About Me

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Atlanta, GA, United States
When I suffered a lip injury that ended my career as a classical trombonist, I thought my life as a musician was finished, but I fell in love with music all over again when Santa gave me a guitar for Christmas in 2003. Even as I was struggling with my first chords, I was planning a new performance career. As a trombonist, I performed with the Heritage of America Band at Langley Air Force Base, the Ohio Light Opera, and in pick-up bands for touring acts that included Rosemary Clooney, George Burns, and the Manhattan Transfer. Reborn as a jazz guitarist, I sing and play my own solo arrangements of jazz classics, am half of the Godfrey and Guy duo, and hold the guitar chair in the Sentimental Journey Orchestra. I have been a freelance music copyist since 1995, served as Director of Music at Northwest Unitarian Universalist Congregation from 2011 to 2017, and currently serve as Contemporary Band Director at the same congregation.

Wednesday, July 27, 2011

Atlanta Driving Tips

If you're visiting Atlanta and want to blend in with the local drivers, be sure to follow these tips.
  • Treat a red light as you would a stop sign. It's perfectly okay to coast to a "stop" and then go straight or turn left at a red light. Your time is too precious to waste.
  • If there is a sign that says "No Turn on Red" and the light is red, you should turn. That sign was probably put there because there's a hill that makes it impossible to spot oncoming traffic, but you're not just anyone. You have x-ray vision, and you know for a fact that no one is coming over that hill. Just gun it.
  • Honking your horn makes all the traffic in Atlanta go at least 15 mph faster, and it clogs up crowded intersections, too. It's a miracle, really.
  • Although the signs on the interstate say 55 mph, feel free to travel as fast as your vehicle can go. As a matter of fact, just glue your foot to the floor. You won't know your limits until you test them.
  • In most areas of the country, oncoming traffic has the right of way, but not Atlanta. If you're turning left, you should dive into oncoming traffic randomly, and for god's sake, don't use your turn signal.
  • As a matter of fact, don't ever use your turn signal. Ever.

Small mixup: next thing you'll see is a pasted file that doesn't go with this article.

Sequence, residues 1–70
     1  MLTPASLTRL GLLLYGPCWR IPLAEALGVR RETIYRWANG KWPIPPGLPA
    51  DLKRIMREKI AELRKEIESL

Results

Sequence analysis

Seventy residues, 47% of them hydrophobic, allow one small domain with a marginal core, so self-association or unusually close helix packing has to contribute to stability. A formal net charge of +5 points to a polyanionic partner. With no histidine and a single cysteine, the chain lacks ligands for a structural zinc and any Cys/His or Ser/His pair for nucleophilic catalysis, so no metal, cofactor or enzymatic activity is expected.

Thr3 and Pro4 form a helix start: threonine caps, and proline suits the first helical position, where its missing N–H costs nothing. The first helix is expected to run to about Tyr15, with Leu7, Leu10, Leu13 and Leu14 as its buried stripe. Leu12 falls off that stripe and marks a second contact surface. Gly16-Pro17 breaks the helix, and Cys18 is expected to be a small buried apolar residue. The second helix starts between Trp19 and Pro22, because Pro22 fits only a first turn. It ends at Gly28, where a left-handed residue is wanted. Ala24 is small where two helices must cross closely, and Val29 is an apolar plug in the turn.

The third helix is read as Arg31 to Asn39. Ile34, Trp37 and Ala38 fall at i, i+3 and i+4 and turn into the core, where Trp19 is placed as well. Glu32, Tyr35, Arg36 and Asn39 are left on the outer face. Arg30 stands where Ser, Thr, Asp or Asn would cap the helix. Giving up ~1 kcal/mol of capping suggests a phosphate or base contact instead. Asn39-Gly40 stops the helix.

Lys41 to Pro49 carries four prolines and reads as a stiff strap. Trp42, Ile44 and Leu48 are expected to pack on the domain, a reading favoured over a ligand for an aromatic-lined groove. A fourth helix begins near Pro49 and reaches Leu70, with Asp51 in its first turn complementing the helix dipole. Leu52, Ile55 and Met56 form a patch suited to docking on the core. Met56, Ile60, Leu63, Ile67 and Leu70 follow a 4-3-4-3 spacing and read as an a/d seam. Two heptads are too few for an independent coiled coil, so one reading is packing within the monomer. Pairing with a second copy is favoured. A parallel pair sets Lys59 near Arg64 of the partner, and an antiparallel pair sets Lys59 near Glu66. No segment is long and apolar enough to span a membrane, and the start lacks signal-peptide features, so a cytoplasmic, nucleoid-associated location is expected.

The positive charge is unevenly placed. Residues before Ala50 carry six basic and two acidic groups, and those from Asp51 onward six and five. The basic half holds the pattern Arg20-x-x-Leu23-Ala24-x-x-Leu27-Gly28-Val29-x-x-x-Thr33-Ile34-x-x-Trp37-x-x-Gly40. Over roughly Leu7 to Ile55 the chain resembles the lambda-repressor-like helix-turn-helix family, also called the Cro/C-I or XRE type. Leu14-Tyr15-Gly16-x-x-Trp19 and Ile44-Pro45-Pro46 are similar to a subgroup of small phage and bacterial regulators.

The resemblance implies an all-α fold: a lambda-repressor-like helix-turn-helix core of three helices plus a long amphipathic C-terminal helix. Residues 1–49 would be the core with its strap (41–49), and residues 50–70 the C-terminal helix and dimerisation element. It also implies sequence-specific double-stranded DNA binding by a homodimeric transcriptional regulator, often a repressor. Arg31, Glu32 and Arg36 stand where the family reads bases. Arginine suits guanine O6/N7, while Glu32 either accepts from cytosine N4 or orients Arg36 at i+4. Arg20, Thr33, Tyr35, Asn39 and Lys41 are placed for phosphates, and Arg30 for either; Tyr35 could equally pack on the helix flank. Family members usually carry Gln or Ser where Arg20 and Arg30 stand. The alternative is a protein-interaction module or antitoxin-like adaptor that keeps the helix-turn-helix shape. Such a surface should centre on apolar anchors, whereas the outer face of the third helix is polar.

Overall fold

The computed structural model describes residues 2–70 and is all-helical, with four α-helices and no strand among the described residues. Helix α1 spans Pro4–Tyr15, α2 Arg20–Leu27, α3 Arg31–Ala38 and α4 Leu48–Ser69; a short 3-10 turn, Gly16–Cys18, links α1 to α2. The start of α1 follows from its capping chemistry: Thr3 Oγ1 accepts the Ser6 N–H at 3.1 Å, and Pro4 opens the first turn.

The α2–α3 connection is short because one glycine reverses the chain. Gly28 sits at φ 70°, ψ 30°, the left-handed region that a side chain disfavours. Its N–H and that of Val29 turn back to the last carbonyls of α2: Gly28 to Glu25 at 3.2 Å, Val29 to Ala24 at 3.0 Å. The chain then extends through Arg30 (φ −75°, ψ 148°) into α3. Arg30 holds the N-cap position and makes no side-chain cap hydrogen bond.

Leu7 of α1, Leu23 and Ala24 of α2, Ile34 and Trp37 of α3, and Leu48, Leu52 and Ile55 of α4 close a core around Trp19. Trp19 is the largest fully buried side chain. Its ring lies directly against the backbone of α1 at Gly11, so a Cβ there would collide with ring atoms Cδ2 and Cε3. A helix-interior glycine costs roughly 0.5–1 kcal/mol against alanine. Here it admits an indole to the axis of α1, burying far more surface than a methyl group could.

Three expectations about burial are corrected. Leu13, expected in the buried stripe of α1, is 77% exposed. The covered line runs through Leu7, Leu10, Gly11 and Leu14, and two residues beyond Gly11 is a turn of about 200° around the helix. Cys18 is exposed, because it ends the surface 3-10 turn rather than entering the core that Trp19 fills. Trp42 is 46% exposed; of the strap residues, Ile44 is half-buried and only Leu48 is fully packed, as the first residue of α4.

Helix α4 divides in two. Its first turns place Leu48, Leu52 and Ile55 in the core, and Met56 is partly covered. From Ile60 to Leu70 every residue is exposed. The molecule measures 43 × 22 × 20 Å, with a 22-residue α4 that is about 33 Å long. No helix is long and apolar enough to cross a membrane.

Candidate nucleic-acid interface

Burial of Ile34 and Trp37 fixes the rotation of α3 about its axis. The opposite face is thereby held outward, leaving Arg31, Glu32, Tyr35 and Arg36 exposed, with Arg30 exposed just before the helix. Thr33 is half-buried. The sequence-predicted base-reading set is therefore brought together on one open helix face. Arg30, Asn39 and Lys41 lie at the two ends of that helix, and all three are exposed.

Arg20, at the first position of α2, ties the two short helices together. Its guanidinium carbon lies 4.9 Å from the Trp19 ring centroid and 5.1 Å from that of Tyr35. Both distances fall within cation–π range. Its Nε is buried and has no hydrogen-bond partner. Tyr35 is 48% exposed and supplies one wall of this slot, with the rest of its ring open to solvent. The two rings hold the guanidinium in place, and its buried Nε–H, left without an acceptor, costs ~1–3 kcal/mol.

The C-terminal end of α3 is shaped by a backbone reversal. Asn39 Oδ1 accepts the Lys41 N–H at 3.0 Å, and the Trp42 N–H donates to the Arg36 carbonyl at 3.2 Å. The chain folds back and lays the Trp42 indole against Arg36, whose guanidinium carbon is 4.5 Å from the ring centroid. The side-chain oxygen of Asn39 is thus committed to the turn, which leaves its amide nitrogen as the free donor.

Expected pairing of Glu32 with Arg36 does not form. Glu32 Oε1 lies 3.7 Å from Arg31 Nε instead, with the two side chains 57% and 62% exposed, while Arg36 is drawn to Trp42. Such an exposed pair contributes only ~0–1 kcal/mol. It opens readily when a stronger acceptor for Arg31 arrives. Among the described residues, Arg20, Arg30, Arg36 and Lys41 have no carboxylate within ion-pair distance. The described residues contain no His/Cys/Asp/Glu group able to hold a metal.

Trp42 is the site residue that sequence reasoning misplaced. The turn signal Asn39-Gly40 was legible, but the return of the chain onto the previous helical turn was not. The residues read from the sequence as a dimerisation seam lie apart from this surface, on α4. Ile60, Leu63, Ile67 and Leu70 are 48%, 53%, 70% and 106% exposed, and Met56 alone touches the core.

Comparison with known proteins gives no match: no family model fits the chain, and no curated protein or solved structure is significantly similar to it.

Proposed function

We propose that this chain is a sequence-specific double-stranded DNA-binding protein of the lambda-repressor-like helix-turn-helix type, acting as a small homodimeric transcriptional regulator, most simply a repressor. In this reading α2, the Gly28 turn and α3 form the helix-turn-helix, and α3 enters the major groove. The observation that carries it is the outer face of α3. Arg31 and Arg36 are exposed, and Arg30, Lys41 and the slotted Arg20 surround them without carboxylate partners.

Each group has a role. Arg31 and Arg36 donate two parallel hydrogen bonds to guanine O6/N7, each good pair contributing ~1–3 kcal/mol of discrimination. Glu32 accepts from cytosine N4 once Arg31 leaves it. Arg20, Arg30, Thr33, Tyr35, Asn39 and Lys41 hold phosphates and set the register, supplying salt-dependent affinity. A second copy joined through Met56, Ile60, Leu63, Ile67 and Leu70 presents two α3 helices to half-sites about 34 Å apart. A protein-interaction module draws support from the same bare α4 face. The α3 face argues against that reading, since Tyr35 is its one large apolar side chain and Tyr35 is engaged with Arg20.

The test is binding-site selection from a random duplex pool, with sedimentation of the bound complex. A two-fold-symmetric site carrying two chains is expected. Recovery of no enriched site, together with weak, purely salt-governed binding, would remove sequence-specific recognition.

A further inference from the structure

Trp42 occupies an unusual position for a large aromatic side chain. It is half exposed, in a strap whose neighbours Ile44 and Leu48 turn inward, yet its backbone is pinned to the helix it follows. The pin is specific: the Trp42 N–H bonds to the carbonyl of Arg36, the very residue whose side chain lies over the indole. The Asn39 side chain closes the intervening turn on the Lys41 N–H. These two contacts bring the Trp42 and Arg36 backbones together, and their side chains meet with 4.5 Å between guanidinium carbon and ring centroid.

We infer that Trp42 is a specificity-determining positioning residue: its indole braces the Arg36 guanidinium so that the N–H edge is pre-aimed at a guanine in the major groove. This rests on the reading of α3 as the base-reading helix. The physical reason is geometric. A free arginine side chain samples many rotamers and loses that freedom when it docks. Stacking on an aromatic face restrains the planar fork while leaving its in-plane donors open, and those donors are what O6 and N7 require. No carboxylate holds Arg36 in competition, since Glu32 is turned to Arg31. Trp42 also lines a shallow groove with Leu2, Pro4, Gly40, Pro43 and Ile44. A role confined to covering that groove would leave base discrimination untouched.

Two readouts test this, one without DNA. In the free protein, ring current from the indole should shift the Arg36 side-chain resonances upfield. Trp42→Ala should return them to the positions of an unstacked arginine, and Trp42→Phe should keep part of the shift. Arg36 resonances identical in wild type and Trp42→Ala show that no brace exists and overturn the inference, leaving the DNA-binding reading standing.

• Emergency vehicles are such an inconvenience, and those drivers are so rude, speeding through crowded streets with their annoying sirens blaring. Do NOT pull over to the right and stop. You don't even need to slow down. Besides, there's only a 1 in 300,000,000 chance that it's your husband, wife, brother, sister, father, or mother who is in dire need of medical assistance or protection.
  • Sometimes you'll see a sign at a clearly marked crosswalk that tells you to stop for pedestrians in the crosswalk. Ha! 1,000 points per pedestrian. (On the flip side, if you're a pedestrian, 1,000 points for ignoring the laws of physics, jumping in front of a car that's 10 feet from the crosswalk, and giving the driver a heart attack as you flip them the bird.)
  • By all means, text and drive. I know, I know. There's a new law that says you're not supposed to to do this, but if you hold your phone in your lap to text, who's going to know? The only real clue that you may be texting is that you're swerving randomly into oncoming traffic and blowing through stoplights, which are optional anyway.
Visitors, follow these simple rules, and nobody will know you're from out of town. Be sure to wear a medical bracelet and carry some instructions for notifying your next of kin. Enjoy your stay.


  1. Very true, except that some drivers don't slow down for red lights, they speed up. I have been honked at more than once because I stopped for a red light.

    If someone from out of town does put on their turn signal to change lanes, speed up and cut them off. Then complain because people get in the left lane a long time before their turn, so they won't miss their turn.

  2. Tom, instead of reading The Onion, you should write for it!